Achalasia in a 40-Year-Old Man

February 1, 2005
Sonia Arunabh, MD

,
Manjula Thopcherla, MD

A 40-year-old man presented with a 1-year history of progressively worsening dysphagia. He reported difficulty in swallowing both solids and liquids and had experienced mild weight loss during the past few months. He had no history of gastroesophageal reflux.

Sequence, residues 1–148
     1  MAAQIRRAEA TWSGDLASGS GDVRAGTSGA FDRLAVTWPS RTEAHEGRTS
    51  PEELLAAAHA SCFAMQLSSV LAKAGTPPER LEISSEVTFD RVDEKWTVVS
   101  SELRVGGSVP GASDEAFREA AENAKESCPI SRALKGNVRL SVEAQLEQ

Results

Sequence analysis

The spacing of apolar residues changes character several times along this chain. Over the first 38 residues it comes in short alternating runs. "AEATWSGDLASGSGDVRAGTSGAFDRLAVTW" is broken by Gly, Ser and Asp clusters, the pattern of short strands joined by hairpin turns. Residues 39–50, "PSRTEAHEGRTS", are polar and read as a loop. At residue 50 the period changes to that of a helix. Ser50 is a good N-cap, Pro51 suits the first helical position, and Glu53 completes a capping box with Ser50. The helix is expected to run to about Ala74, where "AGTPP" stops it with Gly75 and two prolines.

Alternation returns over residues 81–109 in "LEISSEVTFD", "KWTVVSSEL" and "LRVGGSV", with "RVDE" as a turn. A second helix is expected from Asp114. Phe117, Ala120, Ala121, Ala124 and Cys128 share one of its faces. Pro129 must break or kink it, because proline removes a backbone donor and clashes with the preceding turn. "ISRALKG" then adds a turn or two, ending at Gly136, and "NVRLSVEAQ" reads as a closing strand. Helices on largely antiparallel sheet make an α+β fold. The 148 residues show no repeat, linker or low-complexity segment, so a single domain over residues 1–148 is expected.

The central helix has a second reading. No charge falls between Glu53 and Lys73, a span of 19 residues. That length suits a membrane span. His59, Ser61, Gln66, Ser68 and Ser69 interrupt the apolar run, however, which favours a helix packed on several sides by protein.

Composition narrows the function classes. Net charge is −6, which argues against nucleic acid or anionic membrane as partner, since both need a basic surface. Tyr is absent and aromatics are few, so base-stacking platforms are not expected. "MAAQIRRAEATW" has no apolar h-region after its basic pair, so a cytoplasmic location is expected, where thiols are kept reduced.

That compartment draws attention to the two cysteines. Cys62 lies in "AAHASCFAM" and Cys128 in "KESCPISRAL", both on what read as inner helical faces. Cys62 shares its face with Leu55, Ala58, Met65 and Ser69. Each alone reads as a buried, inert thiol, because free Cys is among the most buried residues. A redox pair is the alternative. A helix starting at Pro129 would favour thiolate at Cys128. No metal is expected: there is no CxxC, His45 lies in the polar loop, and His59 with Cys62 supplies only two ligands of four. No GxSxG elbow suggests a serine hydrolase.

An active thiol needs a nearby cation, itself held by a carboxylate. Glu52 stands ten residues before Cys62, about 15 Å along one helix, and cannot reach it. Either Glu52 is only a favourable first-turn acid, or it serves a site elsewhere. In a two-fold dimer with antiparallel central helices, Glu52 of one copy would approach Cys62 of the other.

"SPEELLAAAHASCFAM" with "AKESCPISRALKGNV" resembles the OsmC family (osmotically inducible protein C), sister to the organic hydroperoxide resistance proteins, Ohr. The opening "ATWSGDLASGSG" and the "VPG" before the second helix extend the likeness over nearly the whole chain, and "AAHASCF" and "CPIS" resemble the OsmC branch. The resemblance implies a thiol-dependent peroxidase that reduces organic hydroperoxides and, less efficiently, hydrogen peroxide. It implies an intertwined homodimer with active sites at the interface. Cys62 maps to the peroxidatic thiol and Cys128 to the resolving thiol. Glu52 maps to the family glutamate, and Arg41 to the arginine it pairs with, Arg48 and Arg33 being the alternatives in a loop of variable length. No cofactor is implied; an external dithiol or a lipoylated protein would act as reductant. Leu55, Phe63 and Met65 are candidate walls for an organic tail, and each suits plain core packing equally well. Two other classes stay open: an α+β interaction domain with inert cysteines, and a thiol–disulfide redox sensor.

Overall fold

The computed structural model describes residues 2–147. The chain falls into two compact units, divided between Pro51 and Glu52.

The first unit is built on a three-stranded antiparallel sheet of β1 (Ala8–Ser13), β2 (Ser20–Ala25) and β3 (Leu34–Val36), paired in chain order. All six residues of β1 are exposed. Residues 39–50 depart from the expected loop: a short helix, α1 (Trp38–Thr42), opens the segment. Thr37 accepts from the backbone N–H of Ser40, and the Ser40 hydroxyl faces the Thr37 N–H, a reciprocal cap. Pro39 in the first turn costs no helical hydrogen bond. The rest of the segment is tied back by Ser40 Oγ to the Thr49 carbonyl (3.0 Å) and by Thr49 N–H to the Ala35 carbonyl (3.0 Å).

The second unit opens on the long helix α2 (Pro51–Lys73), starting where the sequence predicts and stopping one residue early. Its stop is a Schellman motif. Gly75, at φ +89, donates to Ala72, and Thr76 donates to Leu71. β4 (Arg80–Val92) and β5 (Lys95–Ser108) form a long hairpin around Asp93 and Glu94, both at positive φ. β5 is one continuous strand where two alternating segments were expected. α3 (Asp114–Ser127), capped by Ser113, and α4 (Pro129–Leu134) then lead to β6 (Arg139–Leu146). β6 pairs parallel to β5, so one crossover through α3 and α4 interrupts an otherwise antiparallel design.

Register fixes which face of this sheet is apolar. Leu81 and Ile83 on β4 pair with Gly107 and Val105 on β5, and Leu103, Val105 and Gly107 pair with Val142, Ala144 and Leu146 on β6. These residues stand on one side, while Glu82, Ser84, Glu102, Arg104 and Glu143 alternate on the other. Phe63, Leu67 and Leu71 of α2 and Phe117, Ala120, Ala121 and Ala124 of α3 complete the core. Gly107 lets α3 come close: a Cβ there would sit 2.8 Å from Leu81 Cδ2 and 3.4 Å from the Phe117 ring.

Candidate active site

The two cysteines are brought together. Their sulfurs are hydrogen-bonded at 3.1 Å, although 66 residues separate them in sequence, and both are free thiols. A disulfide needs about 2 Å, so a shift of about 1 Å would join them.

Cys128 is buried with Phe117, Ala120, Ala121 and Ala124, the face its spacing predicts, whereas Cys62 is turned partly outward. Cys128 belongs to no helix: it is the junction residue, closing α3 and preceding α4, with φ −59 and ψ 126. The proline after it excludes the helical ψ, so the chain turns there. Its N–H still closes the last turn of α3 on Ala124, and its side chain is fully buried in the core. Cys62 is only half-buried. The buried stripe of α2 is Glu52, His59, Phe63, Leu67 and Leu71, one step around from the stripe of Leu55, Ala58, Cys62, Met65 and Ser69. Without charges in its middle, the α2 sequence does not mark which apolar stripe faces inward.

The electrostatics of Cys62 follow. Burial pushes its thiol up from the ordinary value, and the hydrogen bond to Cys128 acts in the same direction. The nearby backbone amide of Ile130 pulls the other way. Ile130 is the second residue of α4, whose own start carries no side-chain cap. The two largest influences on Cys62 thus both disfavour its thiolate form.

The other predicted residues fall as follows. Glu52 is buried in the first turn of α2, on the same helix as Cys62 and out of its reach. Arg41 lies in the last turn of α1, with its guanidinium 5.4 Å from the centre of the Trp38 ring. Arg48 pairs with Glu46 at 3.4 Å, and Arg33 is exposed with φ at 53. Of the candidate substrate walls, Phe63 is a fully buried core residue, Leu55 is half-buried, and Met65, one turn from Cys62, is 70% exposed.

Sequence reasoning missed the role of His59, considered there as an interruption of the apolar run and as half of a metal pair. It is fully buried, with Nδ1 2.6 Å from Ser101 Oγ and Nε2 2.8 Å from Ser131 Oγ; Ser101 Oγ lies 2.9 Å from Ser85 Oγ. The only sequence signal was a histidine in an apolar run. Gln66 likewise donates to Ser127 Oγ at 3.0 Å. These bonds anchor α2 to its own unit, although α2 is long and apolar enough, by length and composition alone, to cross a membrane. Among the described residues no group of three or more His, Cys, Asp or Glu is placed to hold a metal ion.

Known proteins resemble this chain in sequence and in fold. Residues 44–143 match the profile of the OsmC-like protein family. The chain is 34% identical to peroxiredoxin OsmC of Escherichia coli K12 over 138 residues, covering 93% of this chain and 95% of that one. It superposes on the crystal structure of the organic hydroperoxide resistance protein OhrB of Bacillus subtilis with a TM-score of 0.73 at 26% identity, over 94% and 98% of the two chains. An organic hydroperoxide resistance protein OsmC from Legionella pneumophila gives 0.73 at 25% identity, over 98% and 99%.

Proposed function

A 40-year-old man presented with a 1-year history of progressively worsening dysphagia. He reported difficulty in swallowing both solids and liquids and had experienced mild weight loss during the past few months. He had no history of gastroesophageal reflux. A chest radiograph showed the absence of a gastric bubble and an air-fluid level in the mediastinum (A). These findings indicated the presence of retained food in the esophagus and were highly suggestive of achalasia. Results of a barium swallow test showed a dilated esophagus, which confirmed the diagnosis. A CT scan of the chest also revealed a dilated esophagus (B). Endoscopic findings ruled out gastroesophageal malignancy. Sonia Arunabh, MD, and Manjula Thopcherla, MD, of Forest Hills, NY, write that achalasia develops when the lower esophageal sphincter does not relax properly with swallowing and results in dysphagia. The underlying cause of this motor disorder may be the loss of neurons in the smooth muscle portion of the esophagus. The typical course is progressive dysphagia and weight loss. In addition to chest radiographs and barium studies, a CT scan of the chest can provide evidence of a dilated esophagus. Esophageal manometry studies can demonstrate specific abnormalities of muscle function that are characteristic of achalasia, such as failure of the lower sphincter to relax. An advantage of manometry is that it can provide diagnostic findings early in the course of disease, a period in which the video-esophagram may appear normal. Achalasia can be managed with a diet of soft food and injection of botulinum toxin type A in the lower esophageal sphincter via endoscopy, which helps relax the sphincter. Oral nitrates and calcium channel blockers can also help relax the lower esophageal sphincter. Although these medications relieve symptoms in some patients with achalasia, they are often not used because of their adverse effects. Balloon dilatation of the esophagus is the initial recommended treatment. In patients with resistant achalasia, surgery-incision of the circular muscle of the lower sphincter-is often effective. This patient was given an injection of botulinum toxin with satisfactory results. Consider achalasia in all patients who have dysphagia. Appropriate treatment can prevent chronic disease, which may predispose patients to esophageal cancer.

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